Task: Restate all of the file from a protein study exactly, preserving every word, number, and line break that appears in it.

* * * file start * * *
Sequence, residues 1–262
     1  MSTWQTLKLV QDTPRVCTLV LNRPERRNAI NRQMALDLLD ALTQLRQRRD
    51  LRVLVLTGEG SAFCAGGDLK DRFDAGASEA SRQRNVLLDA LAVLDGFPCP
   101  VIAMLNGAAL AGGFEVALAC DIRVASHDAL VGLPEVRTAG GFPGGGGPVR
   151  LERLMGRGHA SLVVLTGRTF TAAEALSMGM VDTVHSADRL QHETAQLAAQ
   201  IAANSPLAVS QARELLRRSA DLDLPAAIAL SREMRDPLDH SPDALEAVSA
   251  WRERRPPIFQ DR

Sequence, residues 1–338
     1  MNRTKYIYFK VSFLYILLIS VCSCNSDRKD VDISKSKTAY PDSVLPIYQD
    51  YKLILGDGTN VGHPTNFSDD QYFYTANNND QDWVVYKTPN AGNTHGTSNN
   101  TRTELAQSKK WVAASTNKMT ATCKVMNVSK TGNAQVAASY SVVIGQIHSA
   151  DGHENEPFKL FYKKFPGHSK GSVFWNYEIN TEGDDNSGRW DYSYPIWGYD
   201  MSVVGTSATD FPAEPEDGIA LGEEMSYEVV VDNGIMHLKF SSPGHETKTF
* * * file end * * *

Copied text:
Sequence, residues 1–262
     1  MSTWQTLKLV QDTPRVCTLV LNRPERRNAI NRQMALDLLD ALTQLRQRRD
    51  LRVLVLTGEG SAFCAGGDLK DRFDAGASEA SRQRNVLLDA LAVLDGFPCP
   101  VIAMLNGAAL AGGFEVALAC DIRVASHDAL VGLPEVRTAG GFPGGGGPVR
   151  LERLMGRGHA SLVVLTGRTF TAAEALSMGM VDTVHSADRL QHETAQLAAQ
   201  IAANSPLAVS QARELLRRSA DLDLPAAIAL SREMRDPLDH SPDALEAVSA
   251  WRERRPPIFQ DR

Sequence, residues 1–338
     1  MNRTKYIYFK VSFLYILLIS VCSCNSDRKD VDISKSKTAY PDSVLPIYQD
    51  YKLILGDGTN VGHPTNFSDD QYFYTANNND QDWVVYKTPN AGNTHGTSNN
   101  TRTELAQSKK WVAASTNKMT ATCKVMNVSK TGNAQVAASY SVVIGQIHSA
   151  DGHENEPFKL FYKKFPGHSK GSVFWNYEIN TEGDDNSGRW DYSYPIWGYD
   201  MSVVGTSATD FPAEPEDGIA LGEEMSYEVV VDNGIMHLKF SSPGHETKTF